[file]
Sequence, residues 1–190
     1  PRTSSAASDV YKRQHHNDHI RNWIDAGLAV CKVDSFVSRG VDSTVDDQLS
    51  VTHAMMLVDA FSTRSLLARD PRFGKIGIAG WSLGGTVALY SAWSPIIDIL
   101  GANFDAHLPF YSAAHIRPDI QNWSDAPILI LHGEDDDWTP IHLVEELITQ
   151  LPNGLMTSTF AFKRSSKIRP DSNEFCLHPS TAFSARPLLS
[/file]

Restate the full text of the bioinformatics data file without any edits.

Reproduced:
Sequence, residues 1–190
     1  PRTSSAASDV YKRQHHNDHI RNWIDAGLAV CKVDSFVSRG VDSTVDDQLS
    51  VTHAMMLVDA FSTRSLLARD PRFGKIGIAG WSLGGTVALY SAWSPIIDIL
   101  GANFDAHLPF YSAAHIRPDI QNWSDAPILI LHGEDDDWTP IHLVEELITQ
   151  LPNGLMTSTF AFKRSSKIRP DSNEFCLHPS TAFSARPLLS